Secular gilt-bronze figures embellished with cloisonné enamels are rare. Compare with a cloisonné figure of a boy on a hobby horse from the R. H. R. Palmer Collection, illustrated by H. Garner, The Arts of the Ming Dynasty, Transactions of the Oriental Ceramic Society, 1933-57, vol. 30, fig. 328. It has been suggested that from the 17th century onward there was a tendency to break away from the more formal styles and gilt-bronze subjects such as these figures were treated in a naturalistic manner, op. cit., p. 51. Compare also a related kneeling figure, dated to the Kangxi period, modelled as a foreign tribute bearer sold in these Rooms, 26 April 1999, lot 561.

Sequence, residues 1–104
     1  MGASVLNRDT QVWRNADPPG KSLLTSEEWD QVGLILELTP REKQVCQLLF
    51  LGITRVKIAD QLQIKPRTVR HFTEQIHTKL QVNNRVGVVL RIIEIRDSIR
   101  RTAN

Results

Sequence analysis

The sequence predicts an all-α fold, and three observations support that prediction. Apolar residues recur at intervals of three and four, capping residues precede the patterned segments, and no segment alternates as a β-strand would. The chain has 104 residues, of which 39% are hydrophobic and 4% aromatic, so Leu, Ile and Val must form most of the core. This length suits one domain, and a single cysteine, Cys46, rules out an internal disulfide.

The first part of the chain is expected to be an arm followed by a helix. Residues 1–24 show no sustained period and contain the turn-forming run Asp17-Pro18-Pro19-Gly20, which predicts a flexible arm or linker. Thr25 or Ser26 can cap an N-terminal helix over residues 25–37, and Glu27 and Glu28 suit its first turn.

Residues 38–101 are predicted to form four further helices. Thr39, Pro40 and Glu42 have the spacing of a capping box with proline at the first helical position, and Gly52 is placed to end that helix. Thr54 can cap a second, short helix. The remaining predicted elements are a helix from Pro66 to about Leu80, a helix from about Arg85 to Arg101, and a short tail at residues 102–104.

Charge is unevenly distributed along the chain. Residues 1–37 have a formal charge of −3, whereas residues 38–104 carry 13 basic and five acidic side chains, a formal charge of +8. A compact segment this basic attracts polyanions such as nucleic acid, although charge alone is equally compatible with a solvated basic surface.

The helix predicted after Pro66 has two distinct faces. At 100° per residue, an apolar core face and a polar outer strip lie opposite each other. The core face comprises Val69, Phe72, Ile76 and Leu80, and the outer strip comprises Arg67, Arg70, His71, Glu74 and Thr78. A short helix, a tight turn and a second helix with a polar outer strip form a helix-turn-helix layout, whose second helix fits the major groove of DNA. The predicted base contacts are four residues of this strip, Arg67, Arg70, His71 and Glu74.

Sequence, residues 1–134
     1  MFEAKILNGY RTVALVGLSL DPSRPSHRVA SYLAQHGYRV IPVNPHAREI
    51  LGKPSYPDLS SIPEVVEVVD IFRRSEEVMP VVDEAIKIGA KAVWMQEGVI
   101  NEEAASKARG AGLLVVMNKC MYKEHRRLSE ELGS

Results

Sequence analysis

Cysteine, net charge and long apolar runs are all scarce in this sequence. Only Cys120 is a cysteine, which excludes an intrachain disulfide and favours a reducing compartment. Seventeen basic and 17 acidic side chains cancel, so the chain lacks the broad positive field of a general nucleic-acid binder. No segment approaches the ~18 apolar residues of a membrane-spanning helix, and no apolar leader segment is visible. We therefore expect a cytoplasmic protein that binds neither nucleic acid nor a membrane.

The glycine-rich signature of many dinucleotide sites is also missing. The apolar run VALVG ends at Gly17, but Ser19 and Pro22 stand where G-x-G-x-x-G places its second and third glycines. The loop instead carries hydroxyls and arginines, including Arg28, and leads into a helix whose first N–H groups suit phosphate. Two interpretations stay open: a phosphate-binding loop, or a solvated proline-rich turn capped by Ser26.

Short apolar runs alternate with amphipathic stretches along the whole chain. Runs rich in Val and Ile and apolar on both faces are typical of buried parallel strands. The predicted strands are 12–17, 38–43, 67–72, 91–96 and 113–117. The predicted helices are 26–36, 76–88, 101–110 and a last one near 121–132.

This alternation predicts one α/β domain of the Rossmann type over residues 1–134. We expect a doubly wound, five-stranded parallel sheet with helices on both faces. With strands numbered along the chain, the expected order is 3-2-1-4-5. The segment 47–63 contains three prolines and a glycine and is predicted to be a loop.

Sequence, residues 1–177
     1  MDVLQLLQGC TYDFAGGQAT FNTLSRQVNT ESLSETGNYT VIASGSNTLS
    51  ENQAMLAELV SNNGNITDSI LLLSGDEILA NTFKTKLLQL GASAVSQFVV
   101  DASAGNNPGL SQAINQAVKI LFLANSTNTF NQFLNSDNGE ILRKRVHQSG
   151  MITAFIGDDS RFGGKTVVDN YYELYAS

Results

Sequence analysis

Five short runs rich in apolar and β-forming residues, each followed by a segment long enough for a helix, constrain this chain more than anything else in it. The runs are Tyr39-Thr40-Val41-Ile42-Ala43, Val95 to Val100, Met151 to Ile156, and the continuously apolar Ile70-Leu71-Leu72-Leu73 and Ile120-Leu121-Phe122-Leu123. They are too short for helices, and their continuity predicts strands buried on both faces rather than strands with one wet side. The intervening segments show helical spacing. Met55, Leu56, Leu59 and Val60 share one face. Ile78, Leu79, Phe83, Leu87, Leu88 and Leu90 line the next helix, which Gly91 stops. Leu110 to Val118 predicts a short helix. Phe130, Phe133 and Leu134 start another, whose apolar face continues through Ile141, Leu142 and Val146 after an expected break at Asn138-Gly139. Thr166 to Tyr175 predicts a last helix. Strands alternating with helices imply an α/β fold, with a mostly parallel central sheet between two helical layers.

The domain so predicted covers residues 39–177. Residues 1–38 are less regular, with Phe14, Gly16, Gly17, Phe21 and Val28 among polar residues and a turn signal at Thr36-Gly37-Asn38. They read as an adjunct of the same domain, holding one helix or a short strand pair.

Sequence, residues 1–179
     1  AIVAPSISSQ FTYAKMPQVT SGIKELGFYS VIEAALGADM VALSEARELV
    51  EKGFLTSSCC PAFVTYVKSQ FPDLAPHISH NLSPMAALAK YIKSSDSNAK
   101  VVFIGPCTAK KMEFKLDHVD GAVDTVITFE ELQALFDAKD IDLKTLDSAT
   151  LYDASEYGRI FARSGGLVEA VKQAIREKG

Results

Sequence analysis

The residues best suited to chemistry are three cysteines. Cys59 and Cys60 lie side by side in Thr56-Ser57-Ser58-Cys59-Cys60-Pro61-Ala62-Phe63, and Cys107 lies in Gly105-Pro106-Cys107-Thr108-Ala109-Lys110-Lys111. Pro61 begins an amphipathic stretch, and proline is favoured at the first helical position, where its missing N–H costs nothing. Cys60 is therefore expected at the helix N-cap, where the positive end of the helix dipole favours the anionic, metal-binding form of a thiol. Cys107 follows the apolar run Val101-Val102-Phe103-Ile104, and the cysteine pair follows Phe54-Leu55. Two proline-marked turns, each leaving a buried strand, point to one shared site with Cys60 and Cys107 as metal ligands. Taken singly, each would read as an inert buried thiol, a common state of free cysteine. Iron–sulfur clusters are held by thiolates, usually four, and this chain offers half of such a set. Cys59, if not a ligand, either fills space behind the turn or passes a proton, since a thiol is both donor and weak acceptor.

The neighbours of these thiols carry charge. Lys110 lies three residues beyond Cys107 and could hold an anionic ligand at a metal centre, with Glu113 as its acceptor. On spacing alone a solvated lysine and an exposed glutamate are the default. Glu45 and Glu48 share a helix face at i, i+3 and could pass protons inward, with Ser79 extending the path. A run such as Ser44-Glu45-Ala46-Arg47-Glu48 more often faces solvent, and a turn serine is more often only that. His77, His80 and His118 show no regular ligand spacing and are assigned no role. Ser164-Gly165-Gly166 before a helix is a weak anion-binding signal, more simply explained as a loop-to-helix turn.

For a group of Buddhist images decorated in this unusual format of using both gilding and cloisonné enamels from the Qianlong period, cf. a figure of Manjusri, illustrated by Shen Zhiyu (ed.), The Shanghai Museum of Art, Cultural Relics Publishing, 1981, no. 231; an acolyte and a monk both in the Clague Collection, illustrated by C. Brown, Chinese Cloisonne, pls. 47 and 65 respectively; and a figure of the Panchen Lama, illustrated in Chinese Cloisonné: The Pierre Uldry Collection, fig. 346; and a seated Syamatara sold in these Rooms, 3 November 1998, lot 1026.